South Korea picked Lockheed Martin’s F-35A stealth fighter as its main combat aircraft to better respond to possible nuclear and missile attacks from the Democratic People’s Republic of Korea (DPRK), the Joint Chiefs of Staff (JCS) said Friday.
JCS Chairman Choi Yun-hee held a meeting with top commanders of the Army, Navy and Air Force to decide on the number and requirements for jets to be bought under the next-generational fighter jet procurement program.
“The required operational capability (ROC) for next- generational fighter jets was revised to prepare for realized nuclear and missile threats from North Korea (DPRK). The kill chain system requires a jet that can infiltrate secretly into and strike a target,” Col. Eom Hyo-sik, JCS spokesman, told reporters at a briefing.
Eom said fighter jets with cutting-edge stealth functions and avionic warfare capability were needed to deter the DPRK’s future provocations through firm retribution tools.
South Korea planned to sign an agreement in 2014 to buy 40 F-35 Block 3s, further 20 jets still open, which can carry 2 air-to-ground and 2 air-to-air missiles within the body of the plane, before taking the delivery for four years from 2018.
The number of jets to be bought fell to 40 from the initial plan of 60 in order to push for the fighter procurement project rapidly and minimize security vacuum, the JCS said. The remaining 20 jets will be purchased by 2023 after reviewing changes in security situation and aviation technology development.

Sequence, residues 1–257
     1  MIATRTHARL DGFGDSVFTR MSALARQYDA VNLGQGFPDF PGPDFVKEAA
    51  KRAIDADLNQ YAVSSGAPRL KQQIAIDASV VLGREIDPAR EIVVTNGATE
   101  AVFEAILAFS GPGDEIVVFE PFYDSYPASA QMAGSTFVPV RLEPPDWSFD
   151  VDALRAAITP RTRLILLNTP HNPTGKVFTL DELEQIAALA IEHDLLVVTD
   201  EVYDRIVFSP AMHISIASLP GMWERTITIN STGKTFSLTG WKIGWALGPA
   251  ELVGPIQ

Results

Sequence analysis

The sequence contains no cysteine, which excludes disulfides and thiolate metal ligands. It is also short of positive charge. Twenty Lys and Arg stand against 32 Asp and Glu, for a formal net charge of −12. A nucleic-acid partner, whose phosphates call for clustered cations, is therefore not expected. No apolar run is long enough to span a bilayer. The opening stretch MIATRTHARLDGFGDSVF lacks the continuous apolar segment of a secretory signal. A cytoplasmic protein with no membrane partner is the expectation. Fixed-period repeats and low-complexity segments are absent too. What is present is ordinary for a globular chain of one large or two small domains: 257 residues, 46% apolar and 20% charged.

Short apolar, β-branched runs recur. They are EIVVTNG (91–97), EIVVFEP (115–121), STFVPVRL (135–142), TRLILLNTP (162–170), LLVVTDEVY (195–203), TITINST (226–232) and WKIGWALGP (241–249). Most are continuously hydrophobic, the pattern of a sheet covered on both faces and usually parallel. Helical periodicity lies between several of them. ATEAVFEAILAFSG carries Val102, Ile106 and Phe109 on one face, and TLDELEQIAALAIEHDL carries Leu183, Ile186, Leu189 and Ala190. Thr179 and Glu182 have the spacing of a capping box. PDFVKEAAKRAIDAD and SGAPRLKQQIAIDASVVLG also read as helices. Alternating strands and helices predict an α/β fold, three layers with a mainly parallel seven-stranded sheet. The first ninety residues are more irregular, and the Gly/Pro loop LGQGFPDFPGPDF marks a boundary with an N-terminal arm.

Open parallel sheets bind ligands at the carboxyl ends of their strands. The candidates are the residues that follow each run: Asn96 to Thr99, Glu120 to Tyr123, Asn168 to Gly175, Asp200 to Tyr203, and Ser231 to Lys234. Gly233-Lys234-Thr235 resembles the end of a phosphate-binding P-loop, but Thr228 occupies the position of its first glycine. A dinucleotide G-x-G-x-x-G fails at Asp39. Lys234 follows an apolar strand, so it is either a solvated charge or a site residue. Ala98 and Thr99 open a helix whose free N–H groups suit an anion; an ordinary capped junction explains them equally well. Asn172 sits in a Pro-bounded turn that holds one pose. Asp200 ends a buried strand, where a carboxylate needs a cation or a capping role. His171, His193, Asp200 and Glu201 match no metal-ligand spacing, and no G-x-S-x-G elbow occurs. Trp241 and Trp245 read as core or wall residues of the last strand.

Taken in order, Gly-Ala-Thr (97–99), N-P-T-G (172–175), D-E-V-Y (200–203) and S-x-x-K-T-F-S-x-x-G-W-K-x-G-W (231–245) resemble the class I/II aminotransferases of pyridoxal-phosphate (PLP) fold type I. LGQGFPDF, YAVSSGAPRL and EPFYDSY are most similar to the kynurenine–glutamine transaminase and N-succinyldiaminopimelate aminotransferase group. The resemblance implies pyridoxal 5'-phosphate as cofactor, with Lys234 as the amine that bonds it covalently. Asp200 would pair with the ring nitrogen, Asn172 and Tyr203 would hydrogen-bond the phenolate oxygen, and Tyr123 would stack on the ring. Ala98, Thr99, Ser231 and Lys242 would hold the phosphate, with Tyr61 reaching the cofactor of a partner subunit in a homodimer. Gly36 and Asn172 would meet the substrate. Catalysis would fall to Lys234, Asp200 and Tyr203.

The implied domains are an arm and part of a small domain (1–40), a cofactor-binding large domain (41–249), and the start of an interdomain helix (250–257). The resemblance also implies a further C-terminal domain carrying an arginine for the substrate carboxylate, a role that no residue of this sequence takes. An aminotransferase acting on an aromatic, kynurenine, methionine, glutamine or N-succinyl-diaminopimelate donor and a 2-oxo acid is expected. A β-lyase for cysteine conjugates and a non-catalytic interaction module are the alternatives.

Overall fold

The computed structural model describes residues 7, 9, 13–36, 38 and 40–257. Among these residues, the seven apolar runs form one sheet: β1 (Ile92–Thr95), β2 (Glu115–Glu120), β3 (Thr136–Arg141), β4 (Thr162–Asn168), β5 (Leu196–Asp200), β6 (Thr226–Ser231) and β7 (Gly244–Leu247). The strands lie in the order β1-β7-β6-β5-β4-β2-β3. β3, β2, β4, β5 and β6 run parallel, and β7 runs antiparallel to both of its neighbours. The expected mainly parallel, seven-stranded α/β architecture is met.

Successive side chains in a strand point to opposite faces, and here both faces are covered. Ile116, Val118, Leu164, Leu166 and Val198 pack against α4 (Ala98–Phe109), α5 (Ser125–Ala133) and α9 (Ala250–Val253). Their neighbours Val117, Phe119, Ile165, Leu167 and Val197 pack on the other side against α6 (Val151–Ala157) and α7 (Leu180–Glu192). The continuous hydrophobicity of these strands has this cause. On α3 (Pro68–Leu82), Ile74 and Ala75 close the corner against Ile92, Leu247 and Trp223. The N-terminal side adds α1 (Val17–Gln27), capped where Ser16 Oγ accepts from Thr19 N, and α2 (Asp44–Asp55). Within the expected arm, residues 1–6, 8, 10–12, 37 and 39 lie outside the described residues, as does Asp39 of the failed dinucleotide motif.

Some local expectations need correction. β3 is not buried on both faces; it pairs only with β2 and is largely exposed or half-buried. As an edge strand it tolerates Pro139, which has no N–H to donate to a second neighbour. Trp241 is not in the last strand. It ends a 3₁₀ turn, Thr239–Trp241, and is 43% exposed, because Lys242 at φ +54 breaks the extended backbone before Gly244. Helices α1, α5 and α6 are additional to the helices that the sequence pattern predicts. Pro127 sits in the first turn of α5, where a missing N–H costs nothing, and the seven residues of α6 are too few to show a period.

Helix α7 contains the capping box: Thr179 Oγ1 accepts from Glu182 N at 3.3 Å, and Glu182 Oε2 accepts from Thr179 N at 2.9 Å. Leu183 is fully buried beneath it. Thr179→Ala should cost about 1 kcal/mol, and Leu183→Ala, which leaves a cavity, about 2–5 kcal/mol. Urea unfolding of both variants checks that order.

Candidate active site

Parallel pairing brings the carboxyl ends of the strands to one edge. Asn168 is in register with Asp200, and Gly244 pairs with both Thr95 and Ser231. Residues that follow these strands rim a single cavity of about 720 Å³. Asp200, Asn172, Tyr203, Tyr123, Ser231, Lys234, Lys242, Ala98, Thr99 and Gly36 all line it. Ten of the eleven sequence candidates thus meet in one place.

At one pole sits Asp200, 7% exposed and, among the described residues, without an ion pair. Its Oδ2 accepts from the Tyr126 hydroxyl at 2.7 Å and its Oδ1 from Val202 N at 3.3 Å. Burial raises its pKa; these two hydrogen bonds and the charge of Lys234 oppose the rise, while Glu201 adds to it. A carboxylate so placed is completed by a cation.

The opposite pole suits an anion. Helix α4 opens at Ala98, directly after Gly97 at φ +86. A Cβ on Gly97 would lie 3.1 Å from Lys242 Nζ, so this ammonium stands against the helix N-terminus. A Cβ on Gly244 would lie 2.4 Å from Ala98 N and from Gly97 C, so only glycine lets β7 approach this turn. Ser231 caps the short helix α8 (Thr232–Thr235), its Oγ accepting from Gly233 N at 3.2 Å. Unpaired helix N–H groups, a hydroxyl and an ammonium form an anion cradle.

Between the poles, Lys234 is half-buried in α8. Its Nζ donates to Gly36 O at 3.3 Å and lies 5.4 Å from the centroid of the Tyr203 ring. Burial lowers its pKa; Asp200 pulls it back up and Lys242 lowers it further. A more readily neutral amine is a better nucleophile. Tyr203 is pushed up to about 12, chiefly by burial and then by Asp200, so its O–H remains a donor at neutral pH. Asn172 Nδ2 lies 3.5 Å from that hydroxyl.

The F-35 fighter was selected on the back of its radar-evading capability. The detailed radar cross section (RCS) rate was not stipulated in the revised operational capability, but the lower RCS rate of the F-35 was seen as top priority in selecting Seoul’s main fighter model.
The RCS rate is the size of fighter jets shown on the radar. The lower the RCS rate, the stealthier the fighters are. The F-35 jet is known to be shown on the radar as a bird size, making it almost impossible to detect the fighter.
However, the F-35 can only carry 4 missiles and bombs as it should contain missiles within the body to improve radar-evading capability. It is picked as one of disadvantages of the fighter along with high maintenance costs.
“High-performance stealth fighters are the core of the kill chain system to infiltrate secretly and strike a target effectively with a minimum of fighters,” Brig. Shin Ik-hyun of the JCS strategy planning department told reporters.
The kill chain system refers to the Seoul-driven counterattack strategy, which preemptively detects and intercepts missiles and nuclear threats from Pyongyang. Seoul and Washington agreed in October to first strike the DPRK if signs of Pyongyang’s nuclear attacks are detected.
South Korea reportedly planned to purchase four Global Hawks from the United States with the aim of deploying the high-altitude, long-endurance unmanned aerial vehicles (UAVs) on the Korean Peninsula by 2017.
Meanwhile, the JCS meeting decided to turn the indigenous fighter jet development project, named KF-X, from a long-term plan to a mid-term project, aiming to complete the development by 2020.
The selection of the F-35 was widely expected to delay the homemade fighter project as the stealth jets should be purchased via the U.S. Foreign Military Sale (FMS) program needed to win approval from the U.S. Congress.
In the latest competitive bidding, South Korea offered the transfer of technology as one of the main requirements to be picked as a main bidder. It was part of efforts to link the procurement program to the indigenous fighter jet development project.
But, the FMS program, or the one-way government-to-government contract, would grant Seoul less room for the technology transfer in future negotiations with Washington.